2 Chronicles 12:10
Instead of which king Rehoboam made shields of brass, and committed them to the hands of the chief of the guard, that kept the entrance of the king's house.
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(10) Instead of which king Rehoboam made.—See Note on 1Kings 14:27, with which this verse coincides.

Chief of the guard.—Literally, captains of the runners, or couriers.

12:1-16 Rehoboam, forsaking the Lord, is punished. - When Rehoboam was so strong that he supposed he had nothing to fear from Jeroboam, he cast off his outward profession of godliness. It is very common, but very lamentable, that men, who in distress or danger, or near death, seem much engaged in seeking and serving God, throw aside all their religion when they have received a merciful deliverance. God quickly brought troubles upon Judah, to awaken the people to repentance, before their hearts were hardened. Thus it becomes us, when we are under the rebukes of Providence, to justify God, and to judge ourselves. If we have humbled hearts under humbling providences, the affliction has done its work; it shall be removed, or the property of it be altered. The more God's service is compared with other services, the more reasonable and easy it will appear. Are the laws of temperance thought hard? The effects of intemperance will be found much harder. The service of God is perfect liberty; the service of our lusts is complete slavery. Rehoboam was never rightly fixed in his religion. He never quite cast off God; yet he engaged not his heart to seek the Lord. See what his fault was; he did not serve the Lord, because he did not seek the Lord. He did not pray, as Solomon, for wisdom and grace; he did not consult the word of God, did not seek to that as his oracle, nor follow its directions. He made nothing of his religion, because he did not set his heart to it, nor ever came up to a steady resolution in it. He did evil, because he never was determined for good.That they may know my service, and the service of the kingdom - i. e., that they may contrast the light burthen of the theocracy with the heavy yoke of a foreign monarch. 9. So Shishak … came up against Jerusalem—After the parenthetical clause (2Ch 12:5-8) describing the feelings and state of the beleaguered court, the historian resumes his narrative of the attack upon Jerusalem, and the consequent pillage both of the temple and the palace.

he took all—that is, everything valuable he found. The cost of the targets and shields has been estimated at about £239,000 [Napier, Ancient Workers in Metal].

the shields of gold—made by Solomon, were kept in the house of the forest of Lebanon (2Ch 9:16). They seem to have been borne, like maces, by the guards of the palace, when they attended the king to the temple or on other public processions. Those splendid insignia having been plundered by the Egyptian conqueror, others were made of inferior metal and kept in the guard room of the palace, to be ready for use; as, notwithstanding the tarnished glory of the court, the old state etiquette was kept up on public and solemn occasions. An account of this conquest of Judah, with the name of "king of Judah" in the cartouche of the principal captive, according to the interpreters, is carved and written in hieroglyphics on the walls of the great palace of Karnak, where it may be seen at the present day. This sculpture is about twenty-seven hundred years old, and is of peculiar interest as a striking testimony from Egypt to the truth of Scripture history.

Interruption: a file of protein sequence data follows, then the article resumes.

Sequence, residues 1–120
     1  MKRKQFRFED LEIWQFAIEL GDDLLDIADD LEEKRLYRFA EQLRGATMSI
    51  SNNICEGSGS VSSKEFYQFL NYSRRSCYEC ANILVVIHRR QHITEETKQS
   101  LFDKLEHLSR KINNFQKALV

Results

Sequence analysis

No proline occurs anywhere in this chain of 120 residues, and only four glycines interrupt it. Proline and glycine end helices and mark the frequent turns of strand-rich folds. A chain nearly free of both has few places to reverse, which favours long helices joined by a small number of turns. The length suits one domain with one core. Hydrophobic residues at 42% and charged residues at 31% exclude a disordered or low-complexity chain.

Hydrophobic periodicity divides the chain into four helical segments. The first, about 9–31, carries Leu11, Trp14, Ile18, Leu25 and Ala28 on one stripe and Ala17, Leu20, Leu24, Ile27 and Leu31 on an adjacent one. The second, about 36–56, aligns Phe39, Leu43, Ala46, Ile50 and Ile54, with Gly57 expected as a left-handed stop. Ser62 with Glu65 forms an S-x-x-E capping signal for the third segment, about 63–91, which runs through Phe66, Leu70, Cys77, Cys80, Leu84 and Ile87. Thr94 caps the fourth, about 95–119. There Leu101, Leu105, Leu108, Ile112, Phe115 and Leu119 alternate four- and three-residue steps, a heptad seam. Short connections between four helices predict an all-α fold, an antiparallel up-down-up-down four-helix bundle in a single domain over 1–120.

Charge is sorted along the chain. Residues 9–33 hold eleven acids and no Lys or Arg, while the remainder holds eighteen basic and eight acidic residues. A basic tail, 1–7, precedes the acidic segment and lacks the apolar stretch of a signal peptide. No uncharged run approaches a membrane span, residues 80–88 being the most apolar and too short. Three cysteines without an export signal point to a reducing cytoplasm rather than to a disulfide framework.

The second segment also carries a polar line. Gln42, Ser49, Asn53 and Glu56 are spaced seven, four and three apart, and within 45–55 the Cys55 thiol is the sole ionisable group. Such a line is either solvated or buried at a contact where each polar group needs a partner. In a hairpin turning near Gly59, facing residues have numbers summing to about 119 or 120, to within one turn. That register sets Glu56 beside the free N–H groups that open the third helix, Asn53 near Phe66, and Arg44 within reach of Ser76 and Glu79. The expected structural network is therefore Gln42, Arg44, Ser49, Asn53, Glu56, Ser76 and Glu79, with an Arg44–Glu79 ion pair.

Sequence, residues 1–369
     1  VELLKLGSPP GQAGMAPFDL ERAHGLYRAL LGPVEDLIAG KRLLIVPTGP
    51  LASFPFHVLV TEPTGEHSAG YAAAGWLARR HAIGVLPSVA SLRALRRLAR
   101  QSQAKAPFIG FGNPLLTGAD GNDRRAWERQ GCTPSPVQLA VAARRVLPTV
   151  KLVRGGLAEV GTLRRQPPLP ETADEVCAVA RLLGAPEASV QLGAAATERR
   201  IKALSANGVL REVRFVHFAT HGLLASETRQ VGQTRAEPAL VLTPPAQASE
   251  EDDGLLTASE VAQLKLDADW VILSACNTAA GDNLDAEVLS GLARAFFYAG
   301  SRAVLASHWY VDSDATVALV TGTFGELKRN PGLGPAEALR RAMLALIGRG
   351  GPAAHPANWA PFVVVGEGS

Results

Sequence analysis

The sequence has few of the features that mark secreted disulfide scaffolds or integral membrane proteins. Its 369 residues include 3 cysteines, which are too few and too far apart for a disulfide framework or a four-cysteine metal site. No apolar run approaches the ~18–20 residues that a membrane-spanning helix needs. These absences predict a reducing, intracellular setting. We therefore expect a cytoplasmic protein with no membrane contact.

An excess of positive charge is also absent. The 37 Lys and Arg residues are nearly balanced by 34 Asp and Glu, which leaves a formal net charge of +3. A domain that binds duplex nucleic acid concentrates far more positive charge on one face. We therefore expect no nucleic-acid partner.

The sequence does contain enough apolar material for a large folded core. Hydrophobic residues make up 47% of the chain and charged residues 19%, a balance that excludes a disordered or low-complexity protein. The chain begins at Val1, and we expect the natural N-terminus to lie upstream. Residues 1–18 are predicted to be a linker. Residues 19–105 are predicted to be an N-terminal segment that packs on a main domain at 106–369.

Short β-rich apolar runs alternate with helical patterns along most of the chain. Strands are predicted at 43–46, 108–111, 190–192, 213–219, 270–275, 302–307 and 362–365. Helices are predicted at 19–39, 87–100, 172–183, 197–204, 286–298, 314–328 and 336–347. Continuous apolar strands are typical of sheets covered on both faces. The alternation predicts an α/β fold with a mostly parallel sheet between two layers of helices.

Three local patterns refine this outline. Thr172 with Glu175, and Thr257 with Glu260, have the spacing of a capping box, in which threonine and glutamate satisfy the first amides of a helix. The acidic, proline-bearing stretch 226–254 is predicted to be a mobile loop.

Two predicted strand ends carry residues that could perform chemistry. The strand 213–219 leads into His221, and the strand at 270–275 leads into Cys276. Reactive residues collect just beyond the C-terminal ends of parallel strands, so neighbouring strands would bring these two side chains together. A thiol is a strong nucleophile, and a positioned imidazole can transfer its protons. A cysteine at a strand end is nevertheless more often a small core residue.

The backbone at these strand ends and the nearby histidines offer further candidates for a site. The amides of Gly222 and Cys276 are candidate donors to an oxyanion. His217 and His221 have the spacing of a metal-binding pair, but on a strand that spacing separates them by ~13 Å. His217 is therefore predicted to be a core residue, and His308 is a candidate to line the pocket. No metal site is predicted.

No text from Poole on this verse.

So Shishak king of Egypt came up against Jerusalem,.... The Vulgate Latin version is,"departed from Jerusalem,''as he did, having taken it, and spoiled it of its riches, and settled a yearly tax on the inhabitants of the land; of this, and the two following verses; see Gill on 1 Kings 14:26. 1 Kings 14:27. 1 Kings 14:28. Instead of which king Rehoboam made shields of brass, and committed them to the hands of the chief of the guard, that kept the entrance of the king's house.
10. the chief] R.V. the captains.

the guard] R.V. mg. (more literally) the runners. These derived their name from the duty of running before the king’s chariot to clear the way for him; cp. 2 Samuel 15:1; 1 Kings 1:5.

Verse 10. - Instead of which King Rehoboam made shields of brass. A most humbling reversal of the glowing promise afterwards given, "For brass I will bring gold" (Isaiah 9:17). 2 Chronicles 12:10With 2 Chronicles 12:9 the account of the war is taken up again and continued by the repetition of the words, "Then marched Shishak ... against Jerusalem" (2 Chronicles 12:4). Shishak plundered the treasures of the temple and the palace; he had consequently captured Jerusalem. The golden shields also which had been placed in the house of the forest of Lebanon, i.e., the palace built by Solomon in Jerusalem, which Solomon had caused to be made (cf. 2 Chronicles 9:16), Shishak took away, and in their place Rehoboam caused brazen shields to be prepared; see on 1 Kings 14:26-28. - In 2 Chronicles 12:12 the author of the Chronicle concludes the account of this event with the didactic remark, "Because he (Rehoboam) humbled himself, the anger of Jahve was turned away from him." להשׁחית ולא, and it was not to extermination utterly (לכלה, properly to destruction, i.e., completely; cf. Ezekiel 13:13). And also in Judah were good things. This is the other motive which caused the Lord to turn away His wrath. Good things are proofs of piety and fear of God, cf. 2 Chronicles 19:3.
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